"19) Should we have the individual 50 states own banks? Like North Dakota?
"More Kool-Aid and distractions...Look folks the objective is to get the banks out of the Money creation field, not to get the government into banking!! A highly distracting idea that does not in any way accomplish any necessary reform! Instead it gives our fraudulent banking system a moral free pass! It is mind boggling that progressive people fall for this. (see the home page for an in depth article by Jamie Walton on this)" (Source:; last accessed 1/13/2012.)

Dear Congressman Kucinich, you are featured very prominently on The American Monetary Institute website. I believe you have great sway there. The NEED Act is your legislation proposed on behalf of the whole American people. There are many things about the Act that I truly love. Your plan for infrastructure (broadly defined, as it should be) spending and full employment are as bold and forward thinking as anything that has ever come out of Washington – bolder than the New Deal. I'm not sure how much thought you've given to publicly owned banks on the state or other levels, but I should think that after looking closely at the possibilities and how that concept could be federalized, you would at least request The American Monetary Institute to not dismiss out of hand all of the various publicly owned banking efforts ongoing in the US and around the world, in fact. We need to employ every tool we can to rein in the banksters, as FDR used to call them and rightly so.

Before closing, let me also add that while I know a great deal of thought has gone into the Act, thoughtful and astute people have expressed concern about the Monetary Authority (MA) as proposed by the Act as it now stands. My personal view is that it is 1930s thinking where we need 2012+ thinking on the subject.

There are better alternatives to a body of people manually versus in an automated fashion attempting to balance the economy into as little inflation/deflation as possible. I suggest that if you haven't already, you look into the huge work and successes of the opensource software community and consider that, that community could and would develop computer software that would analyze on a near "all-transactions, all-items CPI and wholesale PI" basis changes in price inflation/deflation and moderate the money supply accordingly. This could be done without taxation by virtue of causing the Treasury to become the central depository of all accounts which central depository would apply an exactly equal increase/decrease in all accounts to maintain the near perfect supply of funds. Of course, the supply would grow (which we want) to meet and create required and desired growth leading to the full employment you want with no inflation. Mine is a bold suggestion, I grant you; but you've already been bold, and I see no point in avoiding broadening the discussion so that fresh ideas and blood may enter.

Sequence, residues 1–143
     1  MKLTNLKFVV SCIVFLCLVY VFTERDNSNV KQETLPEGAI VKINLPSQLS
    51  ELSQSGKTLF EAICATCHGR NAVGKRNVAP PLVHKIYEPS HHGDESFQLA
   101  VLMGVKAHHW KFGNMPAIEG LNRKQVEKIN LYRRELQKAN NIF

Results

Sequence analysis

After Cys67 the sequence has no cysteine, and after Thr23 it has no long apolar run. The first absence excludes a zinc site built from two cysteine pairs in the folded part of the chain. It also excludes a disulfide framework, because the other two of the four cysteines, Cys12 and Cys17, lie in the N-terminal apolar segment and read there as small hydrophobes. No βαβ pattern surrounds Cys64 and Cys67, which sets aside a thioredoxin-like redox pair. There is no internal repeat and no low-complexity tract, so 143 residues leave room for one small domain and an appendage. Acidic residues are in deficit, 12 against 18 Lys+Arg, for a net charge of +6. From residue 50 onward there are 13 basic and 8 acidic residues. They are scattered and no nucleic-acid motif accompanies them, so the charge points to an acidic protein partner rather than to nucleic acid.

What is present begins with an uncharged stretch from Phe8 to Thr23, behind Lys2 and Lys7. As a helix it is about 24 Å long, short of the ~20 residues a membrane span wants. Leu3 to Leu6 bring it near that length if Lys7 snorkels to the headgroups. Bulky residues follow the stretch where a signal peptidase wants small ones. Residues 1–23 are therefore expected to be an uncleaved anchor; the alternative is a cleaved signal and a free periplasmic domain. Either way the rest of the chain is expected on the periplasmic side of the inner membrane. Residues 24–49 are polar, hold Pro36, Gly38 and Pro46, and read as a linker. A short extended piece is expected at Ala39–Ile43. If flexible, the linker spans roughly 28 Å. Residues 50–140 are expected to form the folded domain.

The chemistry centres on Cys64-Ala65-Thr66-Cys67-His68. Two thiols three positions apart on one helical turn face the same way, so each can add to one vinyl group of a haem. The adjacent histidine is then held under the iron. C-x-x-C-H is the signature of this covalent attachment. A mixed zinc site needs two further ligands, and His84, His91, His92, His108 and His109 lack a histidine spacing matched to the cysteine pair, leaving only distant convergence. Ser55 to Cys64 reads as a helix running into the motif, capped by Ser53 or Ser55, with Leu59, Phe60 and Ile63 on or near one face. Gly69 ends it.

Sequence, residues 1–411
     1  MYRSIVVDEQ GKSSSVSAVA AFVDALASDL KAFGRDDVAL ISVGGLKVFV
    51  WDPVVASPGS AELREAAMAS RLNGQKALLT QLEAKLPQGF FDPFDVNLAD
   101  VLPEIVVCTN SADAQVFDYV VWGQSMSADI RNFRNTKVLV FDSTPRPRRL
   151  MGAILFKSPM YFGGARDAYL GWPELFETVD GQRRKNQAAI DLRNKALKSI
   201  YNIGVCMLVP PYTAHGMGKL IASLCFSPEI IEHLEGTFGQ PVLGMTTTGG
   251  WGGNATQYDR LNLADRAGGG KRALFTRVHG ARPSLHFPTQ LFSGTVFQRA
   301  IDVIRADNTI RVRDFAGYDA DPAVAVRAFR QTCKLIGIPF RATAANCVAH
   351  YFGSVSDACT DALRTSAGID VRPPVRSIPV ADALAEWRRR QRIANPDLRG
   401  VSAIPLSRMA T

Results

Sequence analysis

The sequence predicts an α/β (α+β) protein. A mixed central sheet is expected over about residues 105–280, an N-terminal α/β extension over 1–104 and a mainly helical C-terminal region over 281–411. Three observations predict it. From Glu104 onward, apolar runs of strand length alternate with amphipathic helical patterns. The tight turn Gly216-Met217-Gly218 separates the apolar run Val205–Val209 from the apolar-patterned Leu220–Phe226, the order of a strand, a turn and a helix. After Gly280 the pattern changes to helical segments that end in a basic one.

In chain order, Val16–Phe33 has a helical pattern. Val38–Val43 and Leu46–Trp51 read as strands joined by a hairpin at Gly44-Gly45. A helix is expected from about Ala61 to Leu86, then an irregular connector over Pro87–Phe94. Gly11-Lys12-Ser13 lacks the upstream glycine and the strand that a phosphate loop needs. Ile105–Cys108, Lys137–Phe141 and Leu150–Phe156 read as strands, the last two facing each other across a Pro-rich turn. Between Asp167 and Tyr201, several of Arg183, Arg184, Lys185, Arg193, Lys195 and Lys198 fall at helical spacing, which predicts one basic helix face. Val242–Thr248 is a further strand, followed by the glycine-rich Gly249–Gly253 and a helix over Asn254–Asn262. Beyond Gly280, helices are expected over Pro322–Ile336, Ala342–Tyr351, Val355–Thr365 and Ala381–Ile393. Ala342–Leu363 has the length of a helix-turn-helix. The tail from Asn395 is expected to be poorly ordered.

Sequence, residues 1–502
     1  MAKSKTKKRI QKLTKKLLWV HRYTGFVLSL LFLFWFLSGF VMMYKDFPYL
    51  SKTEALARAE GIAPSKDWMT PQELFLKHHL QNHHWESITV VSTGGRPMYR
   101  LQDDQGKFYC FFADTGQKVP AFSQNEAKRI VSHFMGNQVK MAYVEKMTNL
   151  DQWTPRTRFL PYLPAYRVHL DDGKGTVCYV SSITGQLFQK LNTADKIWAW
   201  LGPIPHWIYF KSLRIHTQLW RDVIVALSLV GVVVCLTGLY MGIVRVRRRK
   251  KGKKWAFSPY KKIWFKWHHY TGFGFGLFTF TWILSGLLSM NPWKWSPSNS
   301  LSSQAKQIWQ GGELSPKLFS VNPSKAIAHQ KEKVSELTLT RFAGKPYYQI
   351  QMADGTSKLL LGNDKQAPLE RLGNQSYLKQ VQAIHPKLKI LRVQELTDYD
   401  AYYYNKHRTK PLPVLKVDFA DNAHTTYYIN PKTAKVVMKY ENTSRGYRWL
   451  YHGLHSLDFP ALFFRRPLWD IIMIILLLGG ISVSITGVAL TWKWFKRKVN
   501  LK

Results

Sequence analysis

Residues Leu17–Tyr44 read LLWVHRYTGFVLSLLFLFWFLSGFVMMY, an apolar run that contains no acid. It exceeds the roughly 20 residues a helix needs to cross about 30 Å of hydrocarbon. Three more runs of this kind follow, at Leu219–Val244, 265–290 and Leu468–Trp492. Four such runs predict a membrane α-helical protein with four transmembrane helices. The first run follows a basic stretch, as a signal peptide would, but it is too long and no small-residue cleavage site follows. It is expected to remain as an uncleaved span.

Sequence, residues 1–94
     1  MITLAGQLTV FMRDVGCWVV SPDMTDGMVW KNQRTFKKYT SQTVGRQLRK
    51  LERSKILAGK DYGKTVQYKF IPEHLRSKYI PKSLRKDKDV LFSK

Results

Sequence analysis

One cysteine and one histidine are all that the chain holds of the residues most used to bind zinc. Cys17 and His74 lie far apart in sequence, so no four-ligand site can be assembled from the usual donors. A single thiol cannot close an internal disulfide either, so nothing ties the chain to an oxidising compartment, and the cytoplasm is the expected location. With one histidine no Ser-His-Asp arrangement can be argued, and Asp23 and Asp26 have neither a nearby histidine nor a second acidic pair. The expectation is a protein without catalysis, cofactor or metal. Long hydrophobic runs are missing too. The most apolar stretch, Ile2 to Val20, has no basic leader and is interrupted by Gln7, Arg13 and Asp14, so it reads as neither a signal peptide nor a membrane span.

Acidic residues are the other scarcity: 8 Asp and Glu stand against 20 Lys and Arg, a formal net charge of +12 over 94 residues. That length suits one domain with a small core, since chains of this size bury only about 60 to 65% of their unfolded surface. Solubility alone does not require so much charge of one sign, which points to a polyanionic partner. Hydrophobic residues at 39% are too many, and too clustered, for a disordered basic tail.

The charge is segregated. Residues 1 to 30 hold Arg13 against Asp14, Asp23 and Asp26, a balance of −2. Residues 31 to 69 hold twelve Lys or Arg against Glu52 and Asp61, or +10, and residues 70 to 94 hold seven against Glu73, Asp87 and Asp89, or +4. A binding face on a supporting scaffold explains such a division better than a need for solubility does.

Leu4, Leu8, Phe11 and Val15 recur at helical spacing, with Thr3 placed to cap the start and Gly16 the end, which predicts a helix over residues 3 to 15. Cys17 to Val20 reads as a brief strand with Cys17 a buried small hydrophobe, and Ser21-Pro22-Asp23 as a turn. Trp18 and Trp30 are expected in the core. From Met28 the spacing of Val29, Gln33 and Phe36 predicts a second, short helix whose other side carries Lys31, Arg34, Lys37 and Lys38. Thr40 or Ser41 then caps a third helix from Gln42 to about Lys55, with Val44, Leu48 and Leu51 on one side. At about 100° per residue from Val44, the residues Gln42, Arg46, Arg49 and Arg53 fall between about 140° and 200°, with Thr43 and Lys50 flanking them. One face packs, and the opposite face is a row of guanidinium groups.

Thank you, sir, for allowing me to assist and for your consideration concerning these and other matters.

I wish you well concerning the NEED Act and look forward to additional co-sponsors and new and improved iterations perhaps including 1) a public banking section 2) opensource development of the computer software to reduce to a minimum, in real-time, and with full transparency, oscillations in inflation-deflation, and 3) even Wall Street reforms and more.

My view is that the Act should be akin to FDR's first 100 days only more so, much more so.


Tom Usher

Monetary Reform: Series 1


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  • Tom Usher

    About Tom Usher

    Employment: 2008 - present, website developer and writer. 2015 - present, insurance broker. Education: Arizona State University, Bachelor of Science in Political Science. City University of Seattle, graduate studies in Public Administration. Volunteerism: 2007 - present, president of the Real Liberal Christian Church and Christian Commons Project.